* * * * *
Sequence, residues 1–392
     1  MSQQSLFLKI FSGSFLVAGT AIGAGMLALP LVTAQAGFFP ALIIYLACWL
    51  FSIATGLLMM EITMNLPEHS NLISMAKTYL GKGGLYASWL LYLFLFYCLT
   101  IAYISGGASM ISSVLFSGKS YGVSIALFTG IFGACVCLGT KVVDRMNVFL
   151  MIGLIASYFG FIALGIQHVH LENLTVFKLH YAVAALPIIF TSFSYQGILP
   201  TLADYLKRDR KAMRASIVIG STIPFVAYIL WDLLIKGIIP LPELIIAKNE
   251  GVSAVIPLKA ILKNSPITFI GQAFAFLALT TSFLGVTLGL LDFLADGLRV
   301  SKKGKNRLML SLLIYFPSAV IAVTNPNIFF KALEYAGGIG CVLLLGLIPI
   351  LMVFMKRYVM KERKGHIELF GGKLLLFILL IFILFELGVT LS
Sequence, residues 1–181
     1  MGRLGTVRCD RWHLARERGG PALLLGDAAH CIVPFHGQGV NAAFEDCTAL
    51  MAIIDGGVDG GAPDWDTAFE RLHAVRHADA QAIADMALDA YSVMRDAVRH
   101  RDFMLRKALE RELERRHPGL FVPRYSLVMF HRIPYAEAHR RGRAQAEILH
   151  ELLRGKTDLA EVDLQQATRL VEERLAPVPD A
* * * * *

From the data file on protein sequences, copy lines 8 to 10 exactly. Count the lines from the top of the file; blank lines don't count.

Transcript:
   301  SKKGKNRLML SLLIYFPSAV IAVTNPNIFF KALEYAGGIG CVLLLGLIPI
   351  LMVFMKRYVM KERKGHIELF GGKLLLFILL IFILFELGVT LS
Sequence, residues 1–181